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Figure 2. A significantly higher number of double-mutant lung cells contain periodic acid Schiff (PAS) -positive cytoplasmic glycogen. A,B: Paraffin-embedded PAS stained cross-sections of the lung in wild-type (A) and double-mutant (B) embryos at embryonic day (E) 18.5. The number of cells containing cytoplasmic glycogen (i.e., the purple-red staining) is significantly higher in double-mutant embryos (arrowheads in B) compared with the wild-type littermates (arrowheads in A), indicating immaturity of the cells in double-mutant lung. Original magnification, ×1,000.

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Table 4. Comparison of the Average Number of PAS-Positive Cells in Wild-Type and Myf5−/−:MyoD−/− Embryos at Embryonic Day 18.5
 Genotype Myf5−/−Wild-type MyoD−/−
  • PAS, periodic acid Schiff.

  • *

    Statistically significant difference with Student's t-test (P < 0.05).

Average number79 ± 13314 ± 33*

To further investigate the differentiation of type II cells, their ability to synthesize surfactant-associated proteins (SPs) was analyzed by immunohistochemistry. The four distinctly isolated SPs are SP-A, -B, -C, and -D (Whitsett and Sever, 1997). SP-C is considered to be a specific biochemical indicator of type II cell differentiation (Phelps and Floros, 1991; Wohlford-Lenane et al., 1992). Immunohistochemistry was used against SP-A, -B, -C, and -D at different stages of lung development to evaluate maturation of type II cells.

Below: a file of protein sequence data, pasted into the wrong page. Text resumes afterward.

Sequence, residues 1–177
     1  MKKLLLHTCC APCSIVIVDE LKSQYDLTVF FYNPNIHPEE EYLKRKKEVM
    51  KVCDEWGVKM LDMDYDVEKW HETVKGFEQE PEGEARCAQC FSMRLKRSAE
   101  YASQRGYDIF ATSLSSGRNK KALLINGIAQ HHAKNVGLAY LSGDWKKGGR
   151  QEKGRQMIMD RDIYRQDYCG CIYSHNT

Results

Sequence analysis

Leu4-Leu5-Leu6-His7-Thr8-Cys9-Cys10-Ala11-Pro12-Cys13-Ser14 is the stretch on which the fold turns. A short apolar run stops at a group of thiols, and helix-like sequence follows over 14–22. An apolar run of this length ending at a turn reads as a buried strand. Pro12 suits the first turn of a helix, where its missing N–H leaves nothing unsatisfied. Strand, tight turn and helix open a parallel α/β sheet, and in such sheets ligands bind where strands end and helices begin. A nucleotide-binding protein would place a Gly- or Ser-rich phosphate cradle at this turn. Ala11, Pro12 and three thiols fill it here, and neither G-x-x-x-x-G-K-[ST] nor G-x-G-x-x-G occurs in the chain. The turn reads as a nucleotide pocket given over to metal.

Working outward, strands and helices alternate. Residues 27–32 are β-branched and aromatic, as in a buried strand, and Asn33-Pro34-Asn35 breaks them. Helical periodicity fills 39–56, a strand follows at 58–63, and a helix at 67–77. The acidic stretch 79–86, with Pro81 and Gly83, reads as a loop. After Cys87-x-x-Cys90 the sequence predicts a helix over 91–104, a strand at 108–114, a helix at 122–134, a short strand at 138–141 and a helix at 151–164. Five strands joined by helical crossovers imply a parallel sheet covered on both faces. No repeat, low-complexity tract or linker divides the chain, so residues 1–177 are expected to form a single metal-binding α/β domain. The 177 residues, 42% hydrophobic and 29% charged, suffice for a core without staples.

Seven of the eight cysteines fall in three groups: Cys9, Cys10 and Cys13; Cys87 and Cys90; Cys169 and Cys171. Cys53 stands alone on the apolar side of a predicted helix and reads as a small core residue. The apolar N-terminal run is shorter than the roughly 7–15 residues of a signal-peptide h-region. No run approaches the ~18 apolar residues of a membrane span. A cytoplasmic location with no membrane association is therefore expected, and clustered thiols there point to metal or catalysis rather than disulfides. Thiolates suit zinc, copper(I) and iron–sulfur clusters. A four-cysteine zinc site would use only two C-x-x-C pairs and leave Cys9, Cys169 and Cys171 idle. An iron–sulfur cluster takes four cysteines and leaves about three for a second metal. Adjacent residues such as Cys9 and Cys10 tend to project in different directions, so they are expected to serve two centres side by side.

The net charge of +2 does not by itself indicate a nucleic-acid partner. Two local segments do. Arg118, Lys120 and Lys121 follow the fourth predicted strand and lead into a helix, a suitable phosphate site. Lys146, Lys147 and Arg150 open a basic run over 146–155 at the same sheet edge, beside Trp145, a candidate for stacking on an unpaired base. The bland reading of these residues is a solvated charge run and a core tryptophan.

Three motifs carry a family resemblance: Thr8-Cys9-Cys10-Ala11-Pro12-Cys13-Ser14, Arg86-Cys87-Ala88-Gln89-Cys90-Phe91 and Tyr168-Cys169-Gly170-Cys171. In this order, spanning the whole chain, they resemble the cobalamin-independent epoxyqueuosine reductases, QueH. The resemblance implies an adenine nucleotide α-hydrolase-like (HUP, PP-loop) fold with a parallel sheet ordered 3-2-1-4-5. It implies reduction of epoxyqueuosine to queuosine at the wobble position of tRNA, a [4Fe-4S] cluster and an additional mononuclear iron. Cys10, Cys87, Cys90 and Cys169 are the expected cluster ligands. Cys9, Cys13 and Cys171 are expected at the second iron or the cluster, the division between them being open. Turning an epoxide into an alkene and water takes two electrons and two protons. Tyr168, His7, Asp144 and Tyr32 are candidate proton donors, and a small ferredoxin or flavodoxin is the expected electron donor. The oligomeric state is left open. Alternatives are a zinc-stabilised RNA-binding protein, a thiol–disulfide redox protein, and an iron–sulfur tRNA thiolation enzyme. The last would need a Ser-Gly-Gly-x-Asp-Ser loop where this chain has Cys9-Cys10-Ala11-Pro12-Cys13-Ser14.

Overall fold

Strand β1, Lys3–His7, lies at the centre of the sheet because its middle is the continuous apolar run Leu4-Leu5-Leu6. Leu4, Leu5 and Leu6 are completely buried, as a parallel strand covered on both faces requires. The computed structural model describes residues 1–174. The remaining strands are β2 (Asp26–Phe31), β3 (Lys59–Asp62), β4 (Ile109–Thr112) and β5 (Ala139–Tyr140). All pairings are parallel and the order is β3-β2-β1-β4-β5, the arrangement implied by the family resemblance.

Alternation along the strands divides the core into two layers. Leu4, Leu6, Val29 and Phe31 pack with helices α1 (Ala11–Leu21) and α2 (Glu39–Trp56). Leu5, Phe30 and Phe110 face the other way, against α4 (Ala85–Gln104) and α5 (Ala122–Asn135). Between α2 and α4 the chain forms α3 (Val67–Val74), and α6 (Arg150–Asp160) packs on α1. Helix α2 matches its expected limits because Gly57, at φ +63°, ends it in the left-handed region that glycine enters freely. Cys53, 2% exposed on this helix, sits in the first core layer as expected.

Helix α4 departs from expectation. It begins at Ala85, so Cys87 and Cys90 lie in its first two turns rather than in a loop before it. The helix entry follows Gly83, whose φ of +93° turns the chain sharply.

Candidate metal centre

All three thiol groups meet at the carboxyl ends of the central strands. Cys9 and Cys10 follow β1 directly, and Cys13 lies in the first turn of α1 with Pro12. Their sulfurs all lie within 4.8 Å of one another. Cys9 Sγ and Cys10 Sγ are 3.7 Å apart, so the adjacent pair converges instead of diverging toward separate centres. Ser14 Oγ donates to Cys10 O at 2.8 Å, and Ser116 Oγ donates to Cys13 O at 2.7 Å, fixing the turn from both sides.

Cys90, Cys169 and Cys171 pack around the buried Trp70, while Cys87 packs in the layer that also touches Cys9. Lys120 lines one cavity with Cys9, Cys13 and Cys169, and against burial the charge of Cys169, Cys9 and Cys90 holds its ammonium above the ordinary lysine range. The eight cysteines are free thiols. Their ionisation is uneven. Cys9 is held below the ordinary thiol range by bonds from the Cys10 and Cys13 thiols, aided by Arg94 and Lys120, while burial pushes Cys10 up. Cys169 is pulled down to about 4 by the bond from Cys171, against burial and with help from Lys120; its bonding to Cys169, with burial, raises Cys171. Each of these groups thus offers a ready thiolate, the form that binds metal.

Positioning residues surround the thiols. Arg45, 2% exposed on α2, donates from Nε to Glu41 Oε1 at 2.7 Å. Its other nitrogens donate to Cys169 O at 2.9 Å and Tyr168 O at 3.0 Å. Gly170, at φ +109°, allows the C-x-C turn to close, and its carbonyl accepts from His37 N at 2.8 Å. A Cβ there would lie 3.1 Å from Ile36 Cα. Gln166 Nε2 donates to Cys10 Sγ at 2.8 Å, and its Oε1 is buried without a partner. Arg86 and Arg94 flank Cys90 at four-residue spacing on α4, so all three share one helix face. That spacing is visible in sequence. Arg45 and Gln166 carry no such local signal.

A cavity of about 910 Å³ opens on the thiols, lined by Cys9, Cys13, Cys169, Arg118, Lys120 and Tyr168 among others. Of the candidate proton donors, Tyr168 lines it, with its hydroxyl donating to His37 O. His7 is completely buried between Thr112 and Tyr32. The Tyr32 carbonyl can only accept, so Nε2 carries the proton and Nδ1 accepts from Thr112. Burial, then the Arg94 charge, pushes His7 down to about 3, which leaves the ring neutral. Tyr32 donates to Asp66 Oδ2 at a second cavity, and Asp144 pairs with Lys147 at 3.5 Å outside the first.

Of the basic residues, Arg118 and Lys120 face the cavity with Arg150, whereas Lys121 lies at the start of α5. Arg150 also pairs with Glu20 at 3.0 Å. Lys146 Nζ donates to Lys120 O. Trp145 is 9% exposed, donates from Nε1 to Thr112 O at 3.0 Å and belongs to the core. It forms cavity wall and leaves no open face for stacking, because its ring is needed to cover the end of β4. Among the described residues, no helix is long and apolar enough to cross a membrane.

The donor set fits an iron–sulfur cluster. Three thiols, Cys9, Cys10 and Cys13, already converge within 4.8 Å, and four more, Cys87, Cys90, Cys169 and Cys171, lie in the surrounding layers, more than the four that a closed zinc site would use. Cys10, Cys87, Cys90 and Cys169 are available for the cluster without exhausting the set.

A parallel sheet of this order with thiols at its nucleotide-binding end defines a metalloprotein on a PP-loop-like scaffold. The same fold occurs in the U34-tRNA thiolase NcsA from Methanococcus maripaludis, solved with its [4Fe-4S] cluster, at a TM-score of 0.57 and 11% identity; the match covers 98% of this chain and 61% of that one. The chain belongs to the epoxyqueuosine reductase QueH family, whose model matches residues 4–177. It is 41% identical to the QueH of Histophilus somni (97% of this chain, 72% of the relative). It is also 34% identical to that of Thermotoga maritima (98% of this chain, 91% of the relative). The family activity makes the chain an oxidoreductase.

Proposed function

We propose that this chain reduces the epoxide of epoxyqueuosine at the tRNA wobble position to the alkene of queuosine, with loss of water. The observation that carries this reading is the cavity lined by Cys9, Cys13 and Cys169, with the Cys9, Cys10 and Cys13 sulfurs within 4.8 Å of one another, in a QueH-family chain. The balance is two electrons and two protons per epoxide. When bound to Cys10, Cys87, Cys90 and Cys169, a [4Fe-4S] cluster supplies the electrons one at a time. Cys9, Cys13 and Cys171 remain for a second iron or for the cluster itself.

At E14.5, we could not observe any immunostaining in the lung of both control and double-mutant embryos (data not shown). At E16.5, SPs were expressed weakly on the apical borders of pulmonary epithelial cells, with no observable difference in the distribution pattern between wild-type and double-mutant embryos (data not shown). As previously suggested, the restriction of immunohistochemistry to the apical cell borders at this stage could be attributed to the higher aggregation of rough endoplasmic reticulum in the periphery of cytoplasm (Ten Have-Opbroek et al., 1988). At E18.5, the staining became even more prominent, but the expression pattern was still similar between normal and hypoplastic lungs (Fig. 3). These data are in accordance to what was observed previously in our two studies (Inanlou and Kablar, 2003, 2005). Together, our data show that type II cells differentiate to the extent of being capable of synthesizing surfactant-associated proteins normally (Van Tuyl et al., 2003) but cannot finalize their differentiation program, as revealed by their inability to use the glycogen as a substate for the surfactant synthesis (Bantenburg, 1992).

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Figure 3. The expression pattern of surfactant-associated protein (SP) -C is indistinguishable between wild-type and double-mutant embryos. A,B: Similar immunostaining pattern against SP-C is observable in wild-type (arrowheads in A) and double-mutant (arrowheads in B) embryos in paraffin-embedded cross-sections of the lung at embryonic day (E) 18.5, indicating the ability of type II cells to synthesize surfactant-associated protein C. Original magnification, ×400.

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To further elucidate our biochemical findings, the morphology of type II cells was examined using TEM. In type II pneumocytes, the surfactant is stored in the form of cytoplasmic lamellar bodies that are composed of layers of membranes surrounding a nonlamellar proteinaceous central core (Askin and Kuhn, 1971; Gil and Reiss, 1973; Williams, 1977). The TEM analysis, followed by the morphometric analysis, showed that, similarly to the results of previous studies (Nagai et al., 1988; Brandsma et al., 1993), the average size of the nuclei was decreased and most of the cytoplasm was occupied by glycogen in type II cells of the hypoplastic lung. Moreover, we found that the number of cytoplasmic lamellar bodies per cell was lower, the lamellar bodies had different morphology, and they were smaller in size in the hypoplastic lungs (Fig. 4A,B; Table 5).